Ice baths, massages, pain killers, special diet… I thought I would need all this to keep up. But in reality I am not missing any of it. The massage sessions were decisive during training, but now during the run they would be a luxury. The level of physical stress I am experiencing does not require any special care other than sleeping well for at least 8 hours, ideally 9 or 10. That is all I need to be good as new in the morning.

To keep a 27 mile average I would have to often run more than 30 miles on a day and would complete the run in 100 days. That is proving not just difficult but undesirable. I am having a much better experience, socializing much more, and enjoying my days a lot more at my current 24 mile average. That will mean finishing this in around 112 days plus the days off. So be it, I am liking it much more this way.

I used to think that other than by people interested in running I would be pretty much alone. I didn’t think I would make so many friends that are not into running at all. But to my happiest surprise I have been contacted by people from all walks of life both on the road and in the cities I go through, and I am making many friends among them.

Worse than planned:

I used to think that many people would try to locate me and run along a little or a lot. It has happened a few times but not nearly as often as I imagined.

Attracting attention of the press to this was very easy in Florida, where I thought it was going to be difficult, and has been very difficult since I left Florida, where I thought it was going to be the easiest. That part perplexed me.

I believed running clubs, running stores, would be interested in meeting, having impromptu runs and Q&A sessions. But the few running clubs we contacted made no effort to hide their indifference. I got some sponsorship from a waste management company, a catering company, but after contacting dozens of running stores without success I gave up on that part.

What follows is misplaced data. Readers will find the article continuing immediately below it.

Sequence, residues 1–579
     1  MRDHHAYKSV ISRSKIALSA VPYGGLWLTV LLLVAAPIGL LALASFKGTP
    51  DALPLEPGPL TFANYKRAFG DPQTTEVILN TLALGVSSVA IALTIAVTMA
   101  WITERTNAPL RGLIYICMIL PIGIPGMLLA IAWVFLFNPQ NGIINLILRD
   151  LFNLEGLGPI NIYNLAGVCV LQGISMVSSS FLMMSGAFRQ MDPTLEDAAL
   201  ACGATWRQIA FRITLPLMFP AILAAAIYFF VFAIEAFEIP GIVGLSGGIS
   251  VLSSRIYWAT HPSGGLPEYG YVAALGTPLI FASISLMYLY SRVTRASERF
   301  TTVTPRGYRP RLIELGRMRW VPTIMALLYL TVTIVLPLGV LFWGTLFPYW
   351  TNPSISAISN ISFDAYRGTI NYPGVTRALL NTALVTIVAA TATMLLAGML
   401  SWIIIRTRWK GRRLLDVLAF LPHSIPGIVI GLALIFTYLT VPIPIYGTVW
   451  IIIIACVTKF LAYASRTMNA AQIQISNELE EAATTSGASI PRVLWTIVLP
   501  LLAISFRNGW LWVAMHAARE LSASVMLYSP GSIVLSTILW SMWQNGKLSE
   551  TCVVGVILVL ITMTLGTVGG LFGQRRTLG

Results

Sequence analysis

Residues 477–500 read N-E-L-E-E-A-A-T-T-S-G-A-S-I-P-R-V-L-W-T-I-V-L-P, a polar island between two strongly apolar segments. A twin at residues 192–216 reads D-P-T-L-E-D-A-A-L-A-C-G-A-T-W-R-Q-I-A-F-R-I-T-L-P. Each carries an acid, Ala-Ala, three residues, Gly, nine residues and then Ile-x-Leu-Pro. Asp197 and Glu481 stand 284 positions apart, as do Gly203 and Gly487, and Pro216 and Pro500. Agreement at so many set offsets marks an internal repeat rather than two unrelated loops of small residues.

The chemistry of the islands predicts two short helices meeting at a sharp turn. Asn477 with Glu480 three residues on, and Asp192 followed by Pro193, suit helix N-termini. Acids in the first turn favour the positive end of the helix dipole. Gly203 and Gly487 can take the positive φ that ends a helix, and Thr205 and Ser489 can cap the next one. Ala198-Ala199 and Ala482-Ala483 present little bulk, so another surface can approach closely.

The running clubs are so indifferent to it that if it wasn’t for the enthusiasm of some individuals, runners that brought me in anyway, I wouldn’t have any contact with any running club anywhere, both during training and during the run. I also noticed that I never find doctors or any healthcare organization maintaining or running or promoting any running club: It is always a running store, which ultimately does it because it is good for bu$ine$$. Weird, huh?

Update: The story was different in Phoenix, where the stores and the running clubs were receptive and welcoming!

Taking county roads is an invitation to get lost and end up in farmer’s backyard instead of where Google Maps tells you to go. Rural counties do a poor job of updating Google about which roads are not open to the public.

Just as planned:

  • Middle of Florida was the most difficult part of all.
  • Louisiana was the hardest state to go through.
  • Texas has been the friendliest place.

How to run from a dog

Late afternoon, approaching the city of Elton, Louisiana, this good looking dog decided to follow me, like that one did in Florida last month. At first I didn’t mind it too much, just hoping that it would find something else to do and leave me alone. Well, it didn’t work that way.